Massey Ferguson 65 tractor was unable to negotiate a Major obstacle

A Massey Ferguson 65 baling hay

After the Massey Ferguson (MF) 65 tractor was launched at Smithfield in December 1957 shipments would begin to move out to dealers and customers in the new year of 1958.

This was the tractor Massey Ferguson would put up against the Fordson Major and the Nuffield which were popular sellers in the larger power bracket. MF held sway among the smaller-sized tractors and now they wanted to make an impact in the medium horse power sector.

Like all tractor manufacturers they had to respond to a larger demand for more horse power as customers strove towards greater efficiency with healthy incomes boosting spending power.

Before the Massey Harris (MH) buyout Ferguson had been working on designs for a larger tractor to complement its hugely popular T20 model. The project was called the LTX – for large tractor experimental – and it was like a T20 on steroids including a bigger engine producing 60hp.

However shortly after the MH buyout, Massey management cancelled the project in favour of a larger North American designed tractor using their preferred method of fitting a well-known tried and tested, bought-in engine.

Taking its design cue from the 40 and 50hp models from across the Atlantic the new tractor went along a much cheaper route of using back end components with added epicyclic reductions from the UK produced 35 model, with a Perkins diesel engine.

Benefiting from the hugely successful and sophisticated Ferguson hydraulic system, the 50hp tractor was aimed at competing with the Fordson Major and Nuffield Universal models. Unfortunately the time between cancelling the LTX project and the 65’s introduction meant a lot of farms had switched from Ferguson to Nuffield and Fordson to get a big tractor capable of heavy draught work on stronger soils. Although the MF 65 was an excellent tractor it came too late to stop the Fordson Major from capturing market share.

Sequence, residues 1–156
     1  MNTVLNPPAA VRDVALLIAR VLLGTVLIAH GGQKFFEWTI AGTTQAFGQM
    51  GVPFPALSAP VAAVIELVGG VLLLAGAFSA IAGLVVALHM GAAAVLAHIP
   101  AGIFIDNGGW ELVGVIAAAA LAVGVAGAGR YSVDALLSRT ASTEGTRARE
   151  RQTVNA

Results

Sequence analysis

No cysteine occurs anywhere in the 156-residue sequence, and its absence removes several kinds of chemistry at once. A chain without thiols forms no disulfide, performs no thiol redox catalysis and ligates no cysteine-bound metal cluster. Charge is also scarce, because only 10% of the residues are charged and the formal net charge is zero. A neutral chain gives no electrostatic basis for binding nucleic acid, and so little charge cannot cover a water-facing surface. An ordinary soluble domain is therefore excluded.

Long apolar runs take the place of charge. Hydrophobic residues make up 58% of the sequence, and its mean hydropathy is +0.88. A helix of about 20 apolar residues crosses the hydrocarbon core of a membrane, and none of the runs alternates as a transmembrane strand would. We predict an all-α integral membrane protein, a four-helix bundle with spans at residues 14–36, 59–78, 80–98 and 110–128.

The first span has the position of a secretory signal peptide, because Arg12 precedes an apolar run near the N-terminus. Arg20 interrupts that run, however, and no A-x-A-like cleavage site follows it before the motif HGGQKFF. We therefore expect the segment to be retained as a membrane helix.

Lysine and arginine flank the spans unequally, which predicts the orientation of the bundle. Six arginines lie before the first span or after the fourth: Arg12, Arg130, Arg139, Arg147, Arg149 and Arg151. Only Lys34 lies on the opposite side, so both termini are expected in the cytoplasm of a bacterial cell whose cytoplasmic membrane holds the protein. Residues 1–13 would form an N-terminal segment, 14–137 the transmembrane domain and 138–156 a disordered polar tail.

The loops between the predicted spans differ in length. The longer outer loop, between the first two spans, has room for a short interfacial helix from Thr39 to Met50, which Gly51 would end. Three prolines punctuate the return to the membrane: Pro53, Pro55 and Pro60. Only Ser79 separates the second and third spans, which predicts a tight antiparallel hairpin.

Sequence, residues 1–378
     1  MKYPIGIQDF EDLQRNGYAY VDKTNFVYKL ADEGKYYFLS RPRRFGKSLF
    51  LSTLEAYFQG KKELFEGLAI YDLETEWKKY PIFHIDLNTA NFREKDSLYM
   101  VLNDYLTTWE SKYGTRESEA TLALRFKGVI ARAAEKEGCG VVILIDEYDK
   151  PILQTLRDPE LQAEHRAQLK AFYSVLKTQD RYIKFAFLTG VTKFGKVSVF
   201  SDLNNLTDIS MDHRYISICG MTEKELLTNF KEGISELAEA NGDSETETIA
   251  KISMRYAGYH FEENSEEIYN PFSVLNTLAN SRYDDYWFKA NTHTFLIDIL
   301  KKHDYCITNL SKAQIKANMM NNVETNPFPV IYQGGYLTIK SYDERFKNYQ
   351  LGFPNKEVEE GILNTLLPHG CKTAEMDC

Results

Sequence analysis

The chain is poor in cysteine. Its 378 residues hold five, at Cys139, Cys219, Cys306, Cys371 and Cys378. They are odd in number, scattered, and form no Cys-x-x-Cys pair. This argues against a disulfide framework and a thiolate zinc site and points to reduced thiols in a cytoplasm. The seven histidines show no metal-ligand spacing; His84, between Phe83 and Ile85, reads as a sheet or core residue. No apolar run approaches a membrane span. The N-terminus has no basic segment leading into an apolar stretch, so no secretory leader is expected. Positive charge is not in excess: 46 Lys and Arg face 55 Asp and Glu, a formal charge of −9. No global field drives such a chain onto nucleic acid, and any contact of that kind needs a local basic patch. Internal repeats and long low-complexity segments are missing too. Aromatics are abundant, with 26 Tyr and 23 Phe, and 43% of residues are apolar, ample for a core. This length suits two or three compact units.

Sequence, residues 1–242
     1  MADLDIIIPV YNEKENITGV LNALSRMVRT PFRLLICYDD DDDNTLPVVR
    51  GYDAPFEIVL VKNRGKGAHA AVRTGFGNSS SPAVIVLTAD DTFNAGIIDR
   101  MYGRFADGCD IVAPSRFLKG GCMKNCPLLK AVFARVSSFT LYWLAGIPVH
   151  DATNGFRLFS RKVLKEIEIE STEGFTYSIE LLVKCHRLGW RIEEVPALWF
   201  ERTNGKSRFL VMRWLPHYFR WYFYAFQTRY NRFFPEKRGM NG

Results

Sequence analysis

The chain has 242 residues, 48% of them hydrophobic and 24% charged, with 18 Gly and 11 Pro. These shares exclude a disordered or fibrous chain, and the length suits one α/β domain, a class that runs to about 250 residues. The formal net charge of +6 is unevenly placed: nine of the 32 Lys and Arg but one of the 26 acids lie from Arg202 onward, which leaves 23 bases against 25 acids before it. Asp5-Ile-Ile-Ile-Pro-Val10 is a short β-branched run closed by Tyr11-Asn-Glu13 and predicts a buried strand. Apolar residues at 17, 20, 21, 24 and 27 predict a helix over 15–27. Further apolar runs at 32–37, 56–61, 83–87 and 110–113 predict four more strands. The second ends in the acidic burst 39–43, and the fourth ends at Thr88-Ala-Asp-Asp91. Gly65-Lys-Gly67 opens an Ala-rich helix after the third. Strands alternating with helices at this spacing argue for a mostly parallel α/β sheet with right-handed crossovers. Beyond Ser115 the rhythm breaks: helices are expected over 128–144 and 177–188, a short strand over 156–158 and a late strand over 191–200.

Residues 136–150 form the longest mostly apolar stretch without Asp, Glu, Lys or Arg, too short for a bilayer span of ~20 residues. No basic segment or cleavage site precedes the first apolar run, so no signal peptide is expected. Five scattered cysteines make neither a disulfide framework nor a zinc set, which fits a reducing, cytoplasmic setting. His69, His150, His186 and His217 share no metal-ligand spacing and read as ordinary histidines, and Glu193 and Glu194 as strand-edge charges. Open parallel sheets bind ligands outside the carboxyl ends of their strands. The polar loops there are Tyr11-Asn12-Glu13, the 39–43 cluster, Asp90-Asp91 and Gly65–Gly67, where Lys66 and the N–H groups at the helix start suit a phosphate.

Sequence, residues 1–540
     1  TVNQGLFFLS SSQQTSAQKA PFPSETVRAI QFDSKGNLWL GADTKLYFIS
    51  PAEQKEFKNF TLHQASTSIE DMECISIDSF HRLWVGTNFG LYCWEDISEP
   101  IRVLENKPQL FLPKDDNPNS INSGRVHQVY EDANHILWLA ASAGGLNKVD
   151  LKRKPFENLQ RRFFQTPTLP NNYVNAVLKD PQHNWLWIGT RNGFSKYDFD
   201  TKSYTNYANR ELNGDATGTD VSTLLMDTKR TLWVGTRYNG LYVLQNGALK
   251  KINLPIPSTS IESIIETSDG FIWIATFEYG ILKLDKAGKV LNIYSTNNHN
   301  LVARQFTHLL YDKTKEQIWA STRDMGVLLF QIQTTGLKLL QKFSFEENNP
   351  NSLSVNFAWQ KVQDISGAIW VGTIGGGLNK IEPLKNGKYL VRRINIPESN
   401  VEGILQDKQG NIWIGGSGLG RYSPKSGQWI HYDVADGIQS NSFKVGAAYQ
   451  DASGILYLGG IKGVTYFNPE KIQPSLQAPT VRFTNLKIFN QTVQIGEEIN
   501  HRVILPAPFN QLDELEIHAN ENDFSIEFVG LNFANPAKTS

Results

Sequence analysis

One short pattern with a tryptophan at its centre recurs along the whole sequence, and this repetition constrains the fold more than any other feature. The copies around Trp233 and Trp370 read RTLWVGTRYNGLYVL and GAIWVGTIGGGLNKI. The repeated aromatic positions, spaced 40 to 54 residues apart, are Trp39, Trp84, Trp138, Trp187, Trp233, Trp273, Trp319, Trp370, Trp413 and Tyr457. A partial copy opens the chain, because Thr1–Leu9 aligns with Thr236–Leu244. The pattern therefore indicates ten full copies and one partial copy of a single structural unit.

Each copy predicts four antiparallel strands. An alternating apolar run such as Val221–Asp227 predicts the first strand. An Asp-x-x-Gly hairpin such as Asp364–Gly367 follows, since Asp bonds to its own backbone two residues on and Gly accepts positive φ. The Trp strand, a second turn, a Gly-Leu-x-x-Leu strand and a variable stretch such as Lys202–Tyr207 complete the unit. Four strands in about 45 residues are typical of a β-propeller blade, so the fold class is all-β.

It was appreciated by those who knew how to get the best out of the Ferguson system and loyal Ferguson buyers used them with great success. Thanks to its North American origins the tin work differed slightly from the smaller 35 but it carried the new colour scheme adopted as the old Ferguson and MH brands amalgamated to become Massey Ferguson in late 1957.

Initially this colour scheme was red tin work and a flint grey skid unit. This was a lighter more metallic colour than the later Stoneleigh grey which was adopted.

In November 1960 a much more improved version of the 65 was launched as the Massey Ferguson 65 MkII. Among the changes was an increase on horse power by fitting a new Perkins power plant. There was a wedge-shaped filler between the sump and the bell housing on the MK I version which helps differentiate between the two types.

A Multi Power version was offered in 1962 which made the tractor a very capable machine but its higher price tag meant the Major always outsold it. In 1964 it was replaced by the equally capable and popular 165 model.